Scott’s about to Get all Jubilant!

Dr. Robert R. Cargill speaking about the Dead ...

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Scott, the filthy Canadian, is about to launch a series on the Book of Jubilees, and cautions his readers on two points about the notion of Jewish canon:

  1. Different Jewish Groups Considered Different Sacred Texts Authoritative. Probably one of the most difficult conceptual lenses for modern persons to remove from their understanding of ancient sacred texts is that of ‘canon’. However, not all of the different groups in ancient Judaism read or revered the same texts. Not only that, but…
  2. There are texts NOT in the ‘Canon’ that Were Treated As the Authoritative Words of God by some Groups. In short, there were texts considered sacred and the words of God, that never made it into ‘our’ canon, but nevertheless, were viewed, at the time, as the very words of God. Simply put: Not only do we have different groups in Second Temple Judaism but many of these groups considered different sacred texts as normative, formative, and authoritative. However, ancient caches such as the Dead Sea Scrolls, and writers such as Josephus, demonstrate that some modern conceptions of ‘canon’ are wholly inadequate in understanding authoritative sacred texts from this time period.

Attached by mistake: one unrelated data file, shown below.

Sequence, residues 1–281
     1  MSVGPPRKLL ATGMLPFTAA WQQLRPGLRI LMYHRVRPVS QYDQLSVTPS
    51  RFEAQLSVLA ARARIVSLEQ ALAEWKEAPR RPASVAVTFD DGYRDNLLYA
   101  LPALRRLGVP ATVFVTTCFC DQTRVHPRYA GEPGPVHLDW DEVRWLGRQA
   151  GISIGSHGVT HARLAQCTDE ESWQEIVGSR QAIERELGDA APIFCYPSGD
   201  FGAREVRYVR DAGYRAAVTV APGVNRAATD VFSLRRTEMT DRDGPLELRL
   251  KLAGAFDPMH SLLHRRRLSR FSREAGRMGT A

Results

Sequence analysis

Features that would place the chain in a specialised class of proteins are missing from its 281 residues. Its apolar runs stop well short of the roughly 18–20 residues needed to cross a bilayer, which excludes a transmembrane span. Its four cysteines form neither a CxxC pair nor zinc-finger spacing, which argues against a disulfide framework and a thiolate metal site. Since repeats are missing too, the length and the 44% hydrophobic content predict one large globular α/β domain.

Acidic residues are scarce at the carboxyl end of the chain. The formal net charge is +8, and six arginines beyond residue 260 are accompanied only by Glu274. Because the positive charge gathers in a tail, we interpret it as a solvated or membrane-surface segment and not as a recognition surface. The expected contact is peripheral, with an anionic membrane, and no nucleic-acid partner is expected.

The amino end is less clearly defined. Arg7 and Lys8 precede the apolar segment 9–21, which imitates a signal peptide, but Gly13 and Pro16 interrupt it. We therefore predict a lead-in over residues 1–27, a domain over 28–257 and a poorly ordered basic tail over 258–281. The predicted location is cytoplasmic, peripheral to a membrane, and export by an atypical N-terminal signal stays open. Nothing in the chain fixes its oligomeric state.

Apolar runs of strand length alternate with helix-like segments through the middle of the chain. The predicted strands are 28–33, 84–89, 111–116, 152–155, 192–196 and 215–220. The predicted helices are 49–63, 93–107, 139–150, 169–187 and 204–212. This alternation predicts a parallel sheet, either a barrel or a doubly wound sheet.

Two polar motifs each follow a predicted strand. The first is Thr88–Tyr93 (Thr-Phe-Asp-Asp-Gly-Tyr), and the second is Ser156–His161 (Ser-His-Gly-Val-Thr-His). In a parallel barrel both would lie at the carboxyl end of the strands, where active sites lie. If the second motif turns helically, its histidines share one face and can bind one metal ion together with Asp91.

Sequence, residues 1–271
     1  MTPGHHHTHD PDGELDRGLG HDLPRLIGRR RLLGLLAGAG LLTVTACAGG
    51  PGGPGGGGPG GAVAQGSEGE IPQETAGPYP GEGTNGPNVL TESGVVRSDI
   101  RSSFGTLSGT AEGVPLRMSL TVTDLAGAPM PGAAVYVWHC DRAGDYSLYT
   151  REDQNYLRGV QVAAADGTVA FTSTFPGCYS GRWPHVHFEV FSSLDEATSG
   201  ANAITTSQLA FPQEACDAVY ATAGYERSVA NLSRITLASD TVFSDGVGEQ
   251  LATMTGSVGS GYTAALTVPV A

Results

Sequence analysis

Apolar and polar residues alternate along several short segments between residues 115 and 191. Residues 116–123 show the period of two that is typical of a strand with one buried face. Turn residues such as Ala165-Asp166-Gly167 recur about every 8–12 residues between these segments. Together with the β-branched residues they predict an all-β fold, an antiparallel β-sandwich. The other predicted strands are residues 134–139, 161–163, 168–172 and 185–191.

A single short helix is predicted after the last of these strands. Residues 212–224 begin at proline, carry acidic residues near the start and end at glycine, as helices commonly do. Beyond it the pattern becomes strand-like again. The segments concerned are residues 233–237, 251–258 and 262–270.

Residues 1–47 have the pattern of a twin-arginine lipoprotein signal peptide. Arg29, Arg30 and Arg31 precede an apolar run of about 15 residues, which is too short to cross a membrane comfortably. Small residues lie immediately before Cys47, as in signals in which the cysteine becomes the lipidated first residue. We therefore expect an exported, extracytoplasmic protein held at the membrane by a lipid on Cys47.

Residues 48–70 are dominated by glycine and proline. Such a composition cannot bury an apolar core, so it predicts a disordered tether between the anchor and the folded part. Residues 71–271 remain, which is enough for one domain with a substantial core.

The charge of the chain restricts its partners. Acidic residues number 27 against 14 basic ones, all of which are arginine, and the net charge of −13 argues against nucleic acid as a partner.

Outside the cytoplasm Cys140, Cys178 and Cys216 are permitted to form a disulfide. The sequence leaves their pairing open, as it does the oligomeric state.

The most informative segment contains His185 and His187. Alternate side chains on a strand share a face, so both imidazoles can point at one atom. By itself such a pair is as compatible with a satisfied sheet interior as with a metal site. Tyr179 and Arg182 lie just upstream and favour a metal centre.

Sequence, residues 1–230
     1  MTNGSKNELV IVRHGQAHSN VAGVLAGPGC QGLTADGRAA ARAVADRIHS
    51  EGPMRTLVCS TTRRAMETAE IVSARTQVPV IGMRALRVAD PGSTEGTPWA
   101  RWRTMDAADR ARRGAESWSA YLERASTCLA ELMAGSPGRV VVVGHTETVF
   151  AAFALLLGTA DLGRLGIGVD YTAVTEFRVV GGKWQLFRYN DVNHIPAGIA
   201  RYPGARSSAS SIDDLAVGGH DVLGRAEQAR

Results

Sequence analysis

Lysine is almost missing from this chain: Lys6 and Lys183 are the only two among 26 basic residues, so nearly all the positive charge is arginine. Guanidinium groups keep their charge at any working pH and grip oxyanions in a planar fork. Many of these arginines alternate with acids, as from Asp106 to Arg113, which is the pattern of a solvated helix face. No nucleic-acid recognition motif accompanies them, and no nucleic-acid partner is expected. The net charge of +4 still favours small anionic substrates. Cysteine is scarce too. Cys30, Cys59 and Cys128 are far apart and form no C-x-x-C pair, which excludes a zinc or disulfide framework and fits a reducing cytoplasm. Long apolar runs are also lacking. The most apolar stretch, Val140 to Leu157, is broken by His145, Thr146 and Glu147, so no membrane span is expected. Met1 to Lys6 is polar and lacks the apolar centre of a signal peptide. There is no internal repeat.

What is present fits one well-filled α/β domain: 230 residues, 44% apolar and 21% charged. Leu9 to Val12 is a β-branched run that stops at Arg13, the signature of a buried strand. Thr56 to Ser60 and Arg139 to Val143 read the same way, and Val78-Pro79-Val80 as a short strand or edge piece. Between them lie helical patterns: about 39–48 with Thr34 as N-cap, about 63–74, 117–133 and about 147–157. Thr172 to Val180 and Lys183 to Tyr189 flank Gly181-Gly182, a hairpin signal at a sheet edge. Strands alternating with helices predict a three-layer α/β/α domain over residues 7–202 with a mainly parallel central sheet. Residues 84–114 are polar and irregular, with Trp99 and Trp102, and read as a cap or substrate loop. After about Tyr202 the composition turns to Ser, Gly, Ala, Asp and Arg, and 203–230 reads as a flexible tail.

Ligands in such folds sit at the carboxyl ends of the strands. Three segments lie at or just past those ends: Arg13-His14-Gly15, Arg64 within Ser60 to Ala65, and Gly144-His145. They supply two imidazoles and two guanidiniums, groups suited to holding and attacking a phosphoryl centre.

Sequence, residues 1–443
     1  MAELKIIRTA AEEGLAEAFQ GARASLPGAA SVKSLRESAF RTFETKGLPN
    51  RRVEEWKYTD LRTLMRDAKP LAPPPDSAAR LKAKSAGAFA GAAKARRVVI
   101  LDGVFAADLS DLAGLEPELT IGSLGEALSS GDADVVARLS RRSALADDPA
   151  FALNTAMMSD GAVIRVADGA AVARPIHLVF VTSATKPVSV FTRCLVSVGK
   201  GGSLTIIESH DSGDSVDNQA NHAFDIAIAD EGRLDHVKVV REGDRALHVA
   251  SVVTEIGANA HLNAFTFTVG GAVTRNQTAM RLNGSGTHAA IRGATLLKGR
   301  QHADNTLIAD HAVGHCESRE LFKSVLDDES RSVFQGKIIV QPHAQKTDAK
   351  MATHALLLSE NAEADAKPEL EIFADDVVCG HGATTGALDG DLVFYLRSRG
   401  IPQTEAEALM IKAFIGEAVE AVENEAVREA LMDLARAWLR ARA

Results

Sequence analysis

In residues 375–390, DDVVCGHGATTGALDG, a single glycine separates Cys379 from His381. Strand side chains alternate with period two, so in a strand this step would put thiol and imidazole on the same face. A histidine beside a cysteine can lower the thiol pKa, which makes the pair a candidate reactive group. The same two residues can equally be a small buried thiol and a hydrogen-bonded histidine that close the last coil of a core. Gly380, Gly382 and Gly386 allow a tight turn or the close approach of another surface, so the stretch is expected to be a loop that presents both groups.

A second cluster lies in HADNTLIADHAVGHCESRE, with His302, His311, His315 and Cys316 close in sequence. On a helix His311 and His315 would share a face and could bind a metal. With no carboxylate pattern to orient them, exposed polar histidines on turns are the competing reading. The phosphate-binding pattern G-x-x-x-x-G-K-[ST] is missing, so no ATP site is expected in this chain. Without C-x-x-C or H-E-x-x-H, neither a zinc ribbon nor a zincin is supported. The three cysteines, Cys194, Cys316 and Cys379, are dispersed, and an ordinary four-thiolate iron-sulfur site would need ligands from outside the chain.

via Jubilees and Second Temple Judaism(s) «.

It is difficult for the less-than-historically minded to understand that our Christian canon(s) is ‘new.’ Anyway, it looks to be an interesting series, which is surprising considering that it is coming from a Canadian and Scott Bailey.

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Post By Joel Watts (10,045 Posts)

Joel L. Watts holds a Masters of Arts from United Theological Seminary with a focus in literary and rhetorical criticism of the New Testament. He is currently a Ph.D. student at the University of the Free State, analyzing Paul’s model of atonement in Galatians. He is the author of Mimetic Criticism of the Gospel of Mark: Introduction and Commentary (Wipf and Stock, 2013), a co-editor and contributor to From Fear to Faith: Stories of Hitting Spiritual Walls (Energion, 2013), and Praying in God's Theater, Meditations on the Book of Revelation (Wipf and Stock, 2014).

Website: → Unsettled Christianity

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5 thoughts on Scott’s about to Get all Jubilant!

  1. The Ethiopian Orthodox Tewahedo Church considers this book as part of its own canon. Interestingly enough, the Ethopian church is part of the same communion (Oriental Orthodoxy) as about 5 other national churches, all of which have DIFFERENT canons from one another.

    The fact that they consider different books authoritative doesn’t stop them from being in full communion with one another, which is mind-boggling from a “word-oriented” Western standpoint. Witness the neverending argument between Protestants and Catholics over canonicity, which each group considers to be nonnegotiable. The Orientals obviously don’t think canonicity is important enough of an issue to get divided over. Maybe we Westerners have a thing or two to learn from them?

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